Somebody said that it couldn't be done, But he with a chuckle replied That maybe it couldn't, but he would be one Who wouldn't say so "till he tried." So he buckled right in with the trace of a grin on his face. If he worried, he hid it. He started to sing as he tackled the thing That couldn't be done, and he did it. Somebody scoffed: "Oh, you'll never do that; At least no one ever has done it." But he took off his coat and took off his hat And the first thing he knew he'd begun it. With the lift of his chin and a bit of a grin, Without any doubting or quiddit, He started to sing as he tackled the thing That couldn't be done, and he did it. There are thousands to tell you it cannot be done, There are thousands to prophesy failure; There are thousands to point out to you, one by one, The dangers that wait to assail you. But just buckle right in with a bit of a grin, Then take off your coat and go to it; Just start in to sing as you tackle the thing That cannot be done, and you'll do it.

A Lesson From a Mad Hatter

One of the first steps to accomplishing great things in your life is to cease dwelling on the negative things in your past. Carefully assess your present strengths, successes, and achievements. Dwell on those positive events in your life, and quit limiting your potential by constantly thinking about what you have done poorly. Alice and the Mad Hatter in Wonderland had a conversation that illustrates this concept: Alice: Where I come from, people study what they are not good at in order to be able to do what they are good at. Mad Hatter: We only go around in circles in Wonderland, but we always end up where we started. Would you mind explaining yourself? Alice: Well, grown-ups tell us to find out what we did wrong, and never do it again Mad Hatter: That's odd! It seems to me that in order to find out about something, you have to study it. And when you study it, you should become better at it. Why should you want to become better at something and then never do it again? But please continue. Alice: Nobody ever tells us to study the right things we do. We're only supposed to learn from the wrong things. But we are permitted to study the right things other people do. And sometimes we're even told to copy them. Mad Hatter: That's cheating! Alice: You're quite right, Mr. Hatter. I do live in a topsy-turvy world. It seems like I have to do something wrong first, in order to learn from what not to do. And then, by not doing what I'm not supposed to do, perhaps I'll be right. But I'd rather be right the first time, wouldn't you?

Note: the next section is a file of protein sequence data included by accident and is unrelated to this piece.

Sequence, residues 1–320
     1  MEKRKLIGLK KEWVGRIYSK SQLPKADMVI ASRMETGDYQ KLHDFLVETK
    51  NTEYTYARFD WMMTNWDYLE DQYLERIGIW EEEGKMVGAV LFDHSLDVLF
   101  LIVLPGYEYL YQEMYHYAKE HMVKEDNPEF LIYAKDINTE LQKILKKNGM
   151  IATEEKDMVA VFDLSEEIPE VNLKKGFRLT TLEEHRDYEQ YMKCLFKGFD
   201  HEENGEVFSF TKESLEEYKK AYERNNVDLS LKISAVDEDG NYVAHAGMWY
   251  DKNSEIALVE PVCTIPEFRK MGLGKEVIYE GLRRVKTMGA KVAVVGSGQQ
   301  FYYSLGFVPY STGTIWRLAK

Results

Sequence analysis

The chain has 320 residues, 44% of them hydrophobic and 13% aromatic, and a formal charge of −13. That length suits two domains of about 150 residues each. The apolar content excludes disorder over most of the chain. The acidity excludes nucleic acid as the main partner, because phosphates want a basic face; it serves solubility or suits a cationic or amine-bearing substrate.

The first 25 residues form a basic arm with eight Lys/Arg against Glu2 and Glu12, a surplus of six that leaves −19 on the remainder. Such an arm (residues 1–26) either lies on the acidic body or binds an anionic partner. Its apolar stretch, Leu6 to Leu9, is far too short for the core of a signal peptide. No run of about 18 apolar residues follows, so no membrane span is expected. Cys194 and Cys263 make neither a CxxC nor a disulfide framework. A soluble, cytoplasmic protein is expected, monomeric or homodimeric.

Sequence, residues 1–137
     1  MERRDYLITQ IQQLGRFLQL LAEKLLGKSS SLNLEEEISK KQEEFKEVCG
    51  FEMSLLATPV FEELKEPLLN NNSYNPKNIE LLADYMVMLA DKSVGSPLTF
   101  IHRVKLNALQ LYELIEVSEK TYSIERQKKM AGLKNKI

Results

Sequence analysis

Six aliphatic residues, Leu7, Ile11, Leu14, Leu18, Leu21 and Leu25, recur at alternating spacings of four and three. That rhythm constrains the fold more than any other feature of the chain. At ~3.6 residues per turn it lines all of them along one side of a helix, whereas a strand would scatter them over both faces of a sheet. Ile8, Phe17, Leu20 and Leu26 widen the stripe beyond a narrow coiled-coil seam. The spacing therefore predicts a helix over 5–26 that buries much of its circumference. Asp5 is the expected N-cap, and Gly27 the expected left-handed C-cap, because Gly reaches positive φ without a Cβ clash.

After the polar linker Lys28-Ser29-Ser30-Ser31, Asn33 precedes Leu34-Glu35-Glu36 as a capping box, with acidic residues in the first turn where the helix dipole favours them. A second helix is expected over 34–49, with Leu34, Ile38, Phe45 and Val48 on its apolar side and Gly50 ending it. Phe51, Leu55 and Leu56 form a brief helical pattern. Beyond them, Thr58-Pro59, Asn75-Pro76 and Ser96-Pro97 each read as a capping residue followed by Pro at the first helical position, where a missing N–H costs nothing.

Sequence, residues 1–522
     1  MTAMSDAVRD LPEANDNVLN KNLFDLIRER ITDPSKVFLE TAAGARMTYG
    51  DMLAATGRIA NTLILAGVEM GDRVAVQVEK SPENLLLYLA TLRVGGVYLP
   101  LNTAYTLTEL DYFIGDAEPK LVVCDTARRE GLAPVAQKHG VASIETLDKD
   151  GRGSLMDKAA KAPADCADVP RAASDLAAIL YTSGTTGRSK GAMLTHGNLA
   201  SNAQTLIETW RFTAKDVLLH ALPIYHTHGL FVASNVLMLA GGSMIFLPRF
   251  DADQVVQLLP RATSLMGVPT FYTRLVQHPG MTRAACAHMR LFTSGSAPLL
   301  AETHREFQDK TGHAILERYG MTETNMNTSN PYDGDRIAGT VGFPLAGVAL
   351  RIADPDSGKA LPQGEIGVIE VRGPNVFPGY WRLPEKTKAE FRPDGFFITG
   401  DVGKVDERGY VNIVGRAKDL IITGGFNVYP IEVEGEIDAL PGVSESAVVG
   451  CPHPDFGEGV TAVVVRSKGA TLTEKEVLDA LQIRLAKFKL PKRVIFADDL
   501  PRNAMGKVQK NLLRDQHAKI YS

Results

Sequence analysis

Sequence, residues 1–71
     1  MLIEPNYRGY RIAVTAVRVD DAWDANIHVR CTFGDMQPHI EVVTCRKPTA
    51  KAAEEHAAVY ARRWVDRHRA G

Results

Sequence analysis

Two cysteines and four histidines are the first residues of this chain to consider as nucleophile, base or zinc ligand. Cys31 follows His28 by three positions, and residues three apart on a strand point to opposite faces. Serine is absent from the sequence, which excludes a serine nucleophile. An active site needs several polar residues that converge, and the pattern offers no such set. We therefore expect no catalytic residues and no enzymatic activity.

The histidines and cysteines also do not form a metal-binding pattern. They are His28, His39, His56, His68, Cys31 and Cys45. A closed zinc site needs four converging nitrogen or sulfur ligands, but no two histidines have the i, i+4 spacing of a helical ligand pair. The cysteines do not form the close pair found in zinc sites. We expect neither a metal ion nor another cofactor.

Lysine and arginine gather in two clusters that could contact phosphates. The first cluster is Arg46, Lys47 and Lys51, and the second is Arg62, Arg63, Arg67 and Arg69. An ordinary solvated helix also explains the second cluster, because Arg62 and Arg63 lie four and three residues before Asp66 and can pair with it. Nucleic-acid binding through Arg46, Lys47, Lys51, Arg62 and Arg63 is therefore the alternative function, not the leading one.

To Build a Bridge The Brooklyn Bridge that spans the river tying Manhattan Island to Brooklyn is truly a miracle bridge. In 1863, a creative engineer named John Roebling was inspired by an idea for this spectacular bridge. However, bridge-building experts throughout the world told him to forget it; it could not be done. Roebling convinced his son, Washington, who was a young upand coming engineer, that the bridge could be built. The two of them developed the concepts of how it could be accomplished and how the obstacles could be overcome. With un harnessed excitement and inspiration, they hired their crew and began to build their dream bridge. The project was only a few months under construction when a tragic accident on the site took the life of John Roebling and severely injured his son, Washington. Washington was left with permanent brain damage and was unable to talk or walk. Everyone felt that the project would have to be scrapped since the Roeblings were the only ones who knew how the bridge could be built. Even though Washington was unable to move or talk, his mind was as sharp as ever, and he still had a burning desire to complete the bridge. An idea hit him as he lay in his hospital bed, and he developed a code for communication. All he could move was one finger, so he touched the arm of his wife with that finger, tapping out the code to communicate to her what to tell the engineers who were building the bridge. For thirteen years, Washington tapped out his instructions with his finger until the spectacular Brooklyn Bridge was finally completed. Grind or Shine Adversity is the grindstone of life. Intended to polish you up, adversity also has the ability to grind you down. The impact and ultimate result depend on what you do with the difficulties that come your way. Consider the phenomenal achievements of people experiencing adversity. Beethoven composed his greatest works after becoming deaf. Sir Walter Raleigh wrote the History of the World during a thirteen year imprisonment. If Columbus had turned back, no one could have blamed him, considering the constant adversity he endured. Of course, no one would have remembered him either. Abraham Lincoln achieved greatness by his display of wisdom and character during the devastation of the Civil War. Luther translated the Bible while enduring confinement in the Castle of Wartburg. Under a sentence of death and during twenty years in exile, Dante wrote the Divine Comedy. John Bunyan wrote Pilgrim's Progress in a Bedford jail. Finally, consider a more recent example. Mary Groda-Lewis endured sixteen years of illiteracy because of unrecognized dyslexia, was committed to a reformatory on two different occasions, and almost died of a stroke while bearing a child. Committed to going to college, she worked at a variety of odd jobs to save money, graduated with her high school equivalency at eighteen, was named Oregon's outstanding Upward Bound student, and finally entered college. Determined to become a doctor, she faced fifteen medical school rejections until Albany Medical College finally accepted her. In 1984, Dr. Mary Groda-Lewis, at thirty-five, graduated with honors to fulfill her dream. Adversity - the grindstone of life. Will it grind you down or polish you up? Who's Counting? Napoleon was involved in conversation with a colonel of a Hungarian battalion who had been taken prisoner in Italy. The colonel mentioned he had fought in the army of Maria Theresa. "You must have a few years under your belt!" exclaimed Napoleon. "I'm sure I've lived sixty or seventy years," replied the colonel. "You mean to say," Napoleon continued, "you have not kept track of the years you have lived?" The colonel promptly replied, "Sir, I always count my money, my shirts, and my horses - but as for my years, I know nobody who wants to steal them, and I shall surely never lose them."